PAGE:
Rating: PG-13

Shaquille O’Neal as John Henry Irons / Steel
Annabeth Gish as Susan Sparks
Judd Nelson as Nathaniel Burke
Richard Roundtree as Uncle Joe
Irma P. Hall as Grandma Odessa
Ray J as Martin
Harvey Silver as Lamont
Charles Napier as Col. David
Kerrie Keane as Sen. Nolan
Eric Pierpoint as Major
Tembi Locke as Norma
Thom Barry as Sgt. Marcus
Gary Graham as Detective
Eric Saiet as Young Cop
Hill Harper as Slats

Special Features:

Other Info:
Widescreen (1.85:1)
Dolby Surround Stereo Sound
Running Time: 97 Minutes

The Details:
The following is the official description of the film:

“With awesome weaponry and big hearted style, NBA superstar Shaquille O’Neal unleashes a Shaq attack of heroics and humor in ‘Steel,’ a jovial action adventure movie based on the popular DC Comics characters.

Justice. Safe streets. Payback. Metallurgist John Henry Irons vows to claim them all when a renegade military reject puts new superweapons in dangerous hands. With the help of an electronics wiz and an imaginative scrap metal worker, Irons becomes ‘Steel.’ Wearing body armor, wielding a fearsome electrohammer and riding a gadget-packed motorcycle, he’s ready to wage war — if he can fix the untimely glitches that pop up in his untested gear. ‘You all be cool now,’ the good guy hero tells two crime victims he rescues. There’ll be a lot of thrillin’ before Steel himself can start chillin’.”

“Steel” is rated PG-13 for some superhero action violence.

Warner Brothers has created a new “Archive Collection” to release smaller films that may or may not have had wide DVD sales in the past. This is good news for movie fans because they’ll get to add a lot of cinematic rarities to their collections. But it also means that films like “Steel” get re-released in stores. While the movie is oft maligned, I’m surprised that it hasn’t been more widely available on DVD. After all, “Steel” is part of the Superman universe and you would think that association alone would mean there would be some market for the movie. I had never seen “Steel” before, so I was interested in seeing what it was like. I went into it fully aware it would likely suck.

Several things surprised me about the film. The first was that Kenneth Johnson seemed to handle Shaq’s acting abilities, or lack thereof, pretty well. His lines were minimized and the action scenes were maximized. You didn’t have long to dwell on the believability of Shaq being a military weapons specialist. If you’re stuck with a sports star as you’re lead actor, Johnson handled it well enough. That’s not to say he was good, but he could have been worse. The heart of the film is also a pretty good idea. It’s kind of a mix of the plot of “Iron Man” and the Luke Cage comics mixed together. The idea of a guy cleaning up his neighborhood and ridding it of illegal advanced weapons works pretty well. I was also amazed to see Eric Pierpoint and Gary Graham from the “Alien Nation” TV series in the movie. I didn’t realize that Kenneth Johnson was writer, director, and producer on that series (as well as “V”).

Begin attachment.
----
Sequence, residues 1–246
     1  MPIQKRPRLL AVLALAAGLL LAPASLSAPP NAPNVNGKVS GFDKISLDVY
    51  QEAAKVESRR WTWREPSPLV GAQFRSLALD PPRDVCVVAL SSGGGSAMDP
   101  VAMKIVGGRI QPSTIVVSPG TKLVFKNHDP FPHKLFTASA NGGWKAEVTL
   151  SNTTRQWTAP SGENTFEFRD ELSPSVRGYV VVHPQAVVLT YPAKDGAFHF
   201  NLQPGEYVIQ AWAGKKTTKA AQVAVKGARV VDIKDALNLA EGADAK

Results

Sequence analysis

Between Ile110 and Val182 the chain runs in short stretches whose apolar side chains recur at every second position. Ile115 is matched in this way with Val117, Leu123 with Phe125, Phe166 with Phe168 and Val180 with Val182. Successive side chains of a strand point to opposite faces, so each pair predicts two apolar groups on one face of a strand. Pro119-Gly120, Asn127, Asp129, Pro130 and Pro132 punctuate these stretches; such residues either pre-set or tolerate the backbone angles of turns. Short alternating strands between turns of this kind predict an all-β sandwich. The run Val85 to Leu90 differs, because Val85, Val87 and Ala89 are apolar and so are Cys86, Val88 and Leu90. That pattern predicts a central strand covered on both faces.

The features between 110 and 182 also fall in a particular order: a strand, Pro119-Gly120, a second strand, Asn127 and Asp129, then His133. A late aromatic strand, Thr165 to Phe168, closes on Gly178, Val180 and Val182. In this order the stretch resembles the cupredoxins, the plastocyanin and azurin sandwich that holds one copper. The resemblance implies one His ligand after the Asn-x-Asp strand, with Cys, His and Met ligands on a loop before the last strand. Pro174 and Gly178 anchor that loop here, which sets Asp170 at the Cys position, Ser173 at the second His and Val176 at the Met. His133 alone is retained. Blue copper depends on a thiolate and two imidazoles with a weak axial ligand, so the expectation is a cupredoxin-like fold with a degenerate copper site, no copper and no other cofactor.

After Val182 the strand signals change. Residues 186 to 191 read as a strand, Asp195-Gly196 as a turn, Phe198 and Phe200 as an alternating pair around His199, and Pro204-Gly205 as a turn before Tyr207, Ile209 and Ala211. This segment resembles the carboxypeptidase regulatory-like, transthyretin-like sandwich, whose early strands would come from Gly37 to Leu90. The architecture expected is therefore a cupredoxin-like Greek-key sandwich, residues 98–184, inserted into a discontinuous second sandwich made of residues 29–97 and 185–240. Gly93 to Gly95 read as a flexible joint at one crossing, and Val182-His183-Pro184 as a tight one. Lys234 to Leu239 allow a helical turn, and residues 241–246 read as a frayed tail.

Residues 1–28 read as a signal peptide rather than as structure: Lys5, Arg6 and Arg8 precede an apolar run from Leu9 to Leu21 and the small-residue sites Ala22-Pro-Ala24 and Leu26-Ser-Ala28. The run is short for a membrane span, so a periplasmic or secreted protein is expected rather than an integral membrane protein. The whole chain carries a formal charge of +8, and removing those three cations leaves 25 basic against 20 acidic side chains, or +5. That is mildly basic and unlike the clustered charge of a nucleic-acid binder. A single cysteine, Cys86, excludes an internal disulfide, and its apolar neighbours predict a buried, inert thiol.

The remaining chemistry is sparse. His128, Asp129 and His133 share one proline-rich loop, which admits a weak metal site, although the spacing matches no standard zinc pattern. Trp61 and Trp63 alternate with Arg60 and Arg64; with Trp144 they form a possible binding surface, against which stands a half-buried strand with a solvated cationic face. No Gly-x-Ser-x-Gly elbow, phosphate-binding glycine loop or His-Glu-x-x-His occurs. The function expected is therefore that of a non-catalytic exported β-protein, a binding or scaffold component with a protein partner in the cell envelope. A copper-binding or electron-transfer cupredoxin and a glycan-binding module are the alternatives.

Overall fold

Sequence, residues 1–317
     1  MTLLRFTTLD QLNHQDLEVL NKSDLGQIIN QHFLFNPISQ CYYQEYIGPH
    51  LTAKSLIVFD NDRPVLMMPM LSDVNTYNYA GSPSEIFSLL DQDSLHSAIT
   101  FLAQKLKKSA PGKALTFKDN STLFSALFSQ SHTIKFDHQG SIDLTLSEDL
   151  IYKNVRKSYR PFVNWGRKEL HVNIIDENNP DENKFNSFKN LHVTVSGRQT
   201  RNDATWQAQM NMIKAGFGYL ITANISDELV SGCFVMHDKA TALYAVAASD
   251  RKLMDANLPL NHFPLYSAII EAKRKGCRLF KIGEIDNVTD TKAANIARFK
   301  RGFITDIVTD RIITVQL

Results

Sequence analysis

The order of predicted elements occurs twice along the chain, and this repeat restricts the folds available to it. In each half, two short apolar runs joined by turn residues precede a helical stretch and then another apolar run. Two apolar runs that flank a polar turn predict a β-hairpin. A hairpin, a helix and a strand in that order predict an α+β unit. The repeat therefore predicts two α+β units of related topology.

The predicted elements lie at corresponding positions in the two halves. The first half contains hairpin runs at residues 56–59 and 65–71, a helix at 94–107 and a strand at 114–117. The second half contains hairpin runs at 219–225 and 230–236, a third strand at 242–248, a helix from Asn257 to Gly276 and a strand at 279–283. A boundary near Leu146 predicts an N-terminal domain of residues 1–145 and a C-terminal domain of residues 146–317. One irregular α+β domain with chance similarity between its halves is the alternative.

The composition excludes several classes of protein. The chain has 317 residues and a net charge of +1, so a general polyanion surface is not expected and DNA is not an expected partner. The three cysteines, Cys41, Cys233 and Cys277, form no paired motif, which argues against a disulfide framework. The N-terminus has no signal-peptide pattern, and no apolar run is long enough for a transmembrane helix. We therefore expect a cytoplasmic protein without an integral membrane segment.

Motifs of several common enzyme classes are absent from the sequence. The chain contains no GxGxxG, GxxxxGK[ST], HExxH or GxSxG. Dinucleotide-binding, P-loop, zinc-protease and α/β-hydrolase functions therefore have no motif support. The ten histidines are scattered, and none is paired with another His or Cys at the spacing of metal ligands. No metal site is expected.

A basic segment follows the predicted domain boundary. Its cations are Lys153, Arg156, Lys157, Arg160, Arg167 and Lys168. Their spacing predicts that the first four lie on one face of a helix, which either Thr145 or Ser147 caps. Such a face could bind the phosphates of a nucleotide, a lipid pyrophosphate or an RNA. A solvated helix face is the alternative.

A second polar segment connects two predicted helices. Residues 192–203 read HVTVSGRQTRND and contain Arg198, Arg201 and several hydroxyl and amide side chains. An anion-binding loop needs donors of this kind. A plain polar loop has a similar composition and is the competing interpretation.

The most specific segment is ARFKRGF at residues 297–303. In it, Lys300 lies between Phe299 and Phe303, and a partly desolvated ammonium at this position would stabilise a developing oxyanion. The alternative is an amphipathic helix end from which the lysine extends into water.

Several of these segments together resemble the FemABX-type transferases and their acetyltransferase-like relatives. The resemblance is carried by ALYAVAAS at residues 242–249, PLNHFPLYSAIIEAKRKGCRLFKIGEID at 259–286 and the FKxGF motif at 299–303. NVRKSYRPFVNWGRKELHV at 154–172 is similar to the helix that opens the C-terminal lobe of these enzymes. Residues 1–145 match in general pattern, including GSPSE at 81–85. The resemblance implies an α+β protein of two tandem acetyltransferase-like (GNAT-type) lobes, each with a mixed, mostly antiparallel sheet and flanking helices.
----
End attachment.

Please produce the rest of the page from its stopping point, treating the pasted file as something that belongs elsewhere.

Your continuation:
Unfortunately, the movie falls short in almost every other respect. For one, they can’t seem to figure out who their target audience is. I figured this would be a great movie for kids since it is kind of campy, has cheesy action, and featured the kid-favorite Shaq. But there’s a lot of language in it. Amid the numerous profanities is the line, “Well dip me in s**t and roll me in bread crumbs!” That tells me they either mistakenly thought that language was OK for kids or that they actually thought they were making a film for adults. In either case they were way wrong. The dialogue is also pretty bad. In one scene Judd Nelson tells a thug, “Eat the hot dog. Don’t be one.” Wow. Just wow. There are other cringe-worthy lines in the movie, but you get the idea. “Steel” is also terribly dated. The clothes, slang, and everything else screams 90’s. It’s a film that hasn’t aged well. But it is an interesting time capsule of sorts. It shows what comic book movies were like in the 90’s before “Blade” and “X-Men” came along and brought a renaissance to the genre. You can’t appreciate where you are until you look back at where you’ve been, and “Steel” certainly does that.

I think if “Steel” had the language cleaned up, you might have had a movie that kids could enjoy and it would have created a cult following. But as it is, it’s probably better suited for a “Mystery Science Theater 3000” type of screening.

There are no bonus features included on this DVD.